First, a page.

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The making of consumer decisions: revisiting the notions of evaluation and choice by reconstructing consumer habits through subject evidence based ethnography

Gobbo, Andrea (2014) The making of consumer decisions: revisiting the notions of evaluation and choice by reconstructing consumer habits through subject evidence based ethnography. PhD thesis, The London School of Economics and Political Science (LSE).

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Abstract

This research is concerned with processes of choice in consumers and models of consumer behaviour. It also envisages a broader contribution towards economics in general to clarify how preferences in economic agents arise and change. The research question is: “are the models and factors of evaluation predicted by experts applicable to real cases?” Factors of value and evaluation processes will be observed in real world participants and in everyday behaviour. The results will be compared to models found in the consumer research literature. The fieldwork will focus on a single activity carried out by a sample of consumers: shoe buying behaviour. The first set of data is drawn from 11+11 open ended interviews of participants chosen in the two complementary groups of experts and consumers for the purpose of construal identification. The second stream of data relies on an ethnographic approach that involves recording first-person experiences by use of a miniature camera applied at eye-level, or “subcam” (17 participants). The recordings are analysed in order to reconstruct the choice processes through content analysis of events. The third stream of data in the research is produced by means of replay interviews conducted on those same participants who produced the subjective recordings (selection of 12 participants). Using a first-person ethnographic method allowed: (i) A more exact tracking of the actions involved in the choice process versus standard participant observation or in-shop surveillance cameras, (ii) intersubjective post-hoc account of the recorded activity and, (iii) elicitation of reflective rationalization from the participants in narrative form. The material collected at this step underwent a special kind of process analysis involving memory registers. Findings suggest the need to re-rank factors typically considered for choice in consumer behaviour. A fundamental rebalancing of weight must be attributed to habits versus rational evaluation as long-term factor of choice. Equally short-term factors, like emotions and attitudes, acquire distinctive significance in connection with environmental cues that are susceptible to trigger their repetition in future shopping episodes. The contribution to methodology is twofold. The empirical component extends the use of firstperson ethnographic methods to self-reporting of consumer activities in addition to introspective and survey methods. Activity reconstruction led to amending consumer behaviour models by including the influence of social environment found in installation theory.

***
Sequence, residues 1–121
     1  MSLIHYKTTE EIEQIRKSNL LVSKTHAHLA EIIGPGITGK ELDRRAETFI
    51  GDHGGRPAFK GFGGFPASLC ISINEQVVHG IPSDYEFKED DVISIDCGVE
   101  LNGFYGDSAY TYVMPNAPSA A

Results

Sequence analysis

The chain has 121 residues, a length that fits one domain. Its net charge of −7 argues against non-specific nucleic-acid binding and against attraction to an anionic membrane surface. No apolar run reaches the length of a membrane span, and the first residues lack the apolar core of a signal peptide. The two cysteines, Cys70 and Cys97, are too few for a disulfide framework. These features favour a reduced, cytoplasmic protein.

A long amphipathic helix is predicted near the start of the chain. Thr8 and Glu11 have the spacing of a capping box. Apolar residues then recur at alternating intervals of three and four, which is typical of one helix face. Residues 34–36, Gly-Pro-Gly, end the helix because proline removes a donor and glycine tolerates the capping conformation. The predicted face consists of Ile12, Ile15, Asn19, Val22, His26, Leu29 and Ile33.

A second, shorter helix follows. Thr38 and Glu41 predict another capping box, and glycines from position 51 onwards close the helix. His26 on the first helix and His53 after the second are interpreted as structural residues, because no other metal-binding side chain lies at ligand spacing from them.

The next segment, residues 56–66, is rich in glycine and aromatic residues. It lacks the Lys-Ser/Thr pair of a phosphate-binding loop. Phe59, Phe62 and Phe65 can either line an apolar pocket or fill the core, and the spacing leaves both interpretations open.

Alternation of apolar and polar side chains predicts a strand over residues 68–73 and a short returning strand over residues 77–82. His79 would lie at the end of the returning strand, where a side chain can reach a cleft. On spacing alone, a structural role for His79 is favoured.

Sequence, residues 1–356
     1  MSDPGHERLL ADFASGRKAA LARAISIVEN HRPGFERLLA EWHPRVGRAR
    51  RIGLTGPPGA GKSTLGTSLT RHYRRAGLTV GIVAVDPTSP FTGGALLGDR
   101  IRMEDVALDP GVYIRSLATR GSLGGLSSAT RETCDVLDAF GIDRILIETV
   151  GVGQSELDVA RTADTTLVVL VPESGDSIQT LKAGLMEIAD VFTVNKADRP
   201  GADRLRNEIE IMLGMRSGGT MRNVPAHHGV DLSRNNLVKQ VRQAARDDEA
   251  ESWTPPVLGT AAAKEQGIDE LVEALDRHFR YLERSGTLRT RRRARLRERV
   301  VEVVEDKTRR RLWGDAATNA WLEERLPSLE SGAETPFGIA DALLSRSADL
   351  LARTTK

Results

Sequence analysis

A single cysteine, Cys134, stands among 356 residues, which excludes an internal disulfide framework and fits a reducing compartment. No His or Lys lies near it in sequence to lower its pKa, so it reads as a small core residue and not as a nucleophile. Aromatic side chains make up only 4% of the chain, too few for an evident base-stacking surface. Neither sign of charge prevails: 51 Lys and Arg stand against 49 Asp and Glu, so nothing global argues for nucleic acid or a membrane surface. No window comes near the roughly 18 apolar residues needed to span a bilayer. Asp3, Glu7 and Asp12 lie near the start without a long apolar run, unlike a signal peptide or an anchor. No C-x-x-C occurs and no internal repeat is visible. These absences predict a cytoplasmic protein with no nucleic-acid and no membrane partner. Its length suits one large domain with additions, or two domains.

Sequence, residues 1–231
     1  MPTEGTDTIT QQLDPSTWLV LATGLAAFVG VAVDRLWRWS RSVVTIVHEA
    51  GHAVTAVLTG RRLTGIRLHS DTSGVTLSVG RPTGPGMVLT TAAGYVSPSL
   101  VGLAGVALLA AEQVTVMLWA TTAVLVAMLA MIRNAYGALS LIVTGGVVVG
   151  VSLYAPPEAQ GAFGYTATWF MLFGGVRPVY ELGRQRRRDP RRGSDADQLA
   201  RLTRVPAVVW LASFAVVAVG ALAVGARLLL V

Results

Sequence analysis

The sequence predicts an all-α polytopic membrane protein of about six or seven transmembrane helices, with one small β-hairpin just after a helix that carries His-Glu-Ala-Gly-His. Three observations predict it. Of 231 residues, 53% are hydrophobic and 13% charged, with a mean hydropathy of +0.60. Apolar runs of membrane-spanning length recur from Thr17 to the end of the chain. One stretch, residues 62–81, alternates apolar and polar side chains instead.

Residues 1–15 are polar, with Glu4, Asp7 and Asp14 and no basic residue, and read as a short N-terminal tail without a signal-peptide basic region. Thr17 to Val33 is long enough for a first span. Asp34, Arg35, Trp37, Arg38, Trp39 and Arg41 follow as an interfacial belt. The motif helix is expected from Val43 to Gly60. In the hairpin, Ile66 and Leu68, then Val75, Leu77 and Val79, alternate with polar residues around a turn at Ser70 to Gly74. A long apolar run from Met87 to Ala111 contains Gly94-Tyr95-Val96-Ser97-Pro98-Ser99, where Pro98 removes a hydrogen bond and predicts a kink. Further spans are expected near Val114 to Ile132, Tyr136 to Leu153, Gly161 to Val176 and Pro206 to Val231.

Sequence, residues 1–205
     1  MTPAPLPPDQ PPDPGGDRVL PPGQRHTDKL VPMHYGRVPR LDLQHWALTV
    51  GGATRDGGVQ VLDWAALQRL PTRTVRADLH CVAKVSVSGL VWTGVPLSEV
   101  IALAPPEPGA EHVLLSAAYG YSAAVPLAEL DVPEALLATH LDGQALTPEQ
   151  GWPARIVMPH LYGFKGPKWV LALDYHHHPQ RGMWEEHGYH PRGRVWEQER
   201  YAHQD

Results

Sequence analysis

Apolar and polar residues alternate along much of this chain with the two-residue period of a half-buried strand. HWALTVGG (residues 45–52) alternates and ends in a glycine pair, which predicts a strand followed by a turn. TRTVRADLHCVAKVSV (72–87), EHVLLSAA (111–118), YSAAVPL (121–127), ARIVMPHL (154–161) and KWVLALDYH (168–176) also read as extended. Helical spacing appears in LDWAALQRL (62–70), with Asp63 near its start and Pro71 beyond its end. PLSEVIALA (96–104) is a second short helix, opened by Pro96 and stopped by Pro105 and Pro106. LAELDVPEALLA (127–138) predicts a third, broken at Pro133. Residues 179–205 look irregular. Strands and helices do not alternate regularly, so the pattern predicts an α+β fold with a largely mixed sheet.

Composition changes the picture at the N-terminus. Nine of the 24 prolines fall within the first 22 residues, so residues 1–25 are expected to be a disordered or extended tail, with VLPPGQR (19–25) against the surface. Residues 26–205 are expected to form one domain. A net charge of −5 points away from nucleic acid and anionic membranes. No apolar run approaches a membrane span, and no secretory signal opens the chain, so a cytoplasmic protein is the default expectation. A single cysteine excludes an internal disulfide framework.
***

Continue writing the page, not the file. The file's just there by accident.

Item Type: Thesis (PhD)
Additional Information: © 2014 Andrea Gobbo
Uncontrolled Keywords: activity theory; consumer behaviour; consumer psychology; episodic memory; first person ethnography; paratelic; repisode; replay interview; confrontation interview; SEBE; subcam
Library of Congress subject classification: H Social Sciences > HM Sociology
Sets: Departments > Social Psychology
Supervisor: Lahlou, Saadi
URI: http://etheses.lse.ac.uk/id/eprint/1066

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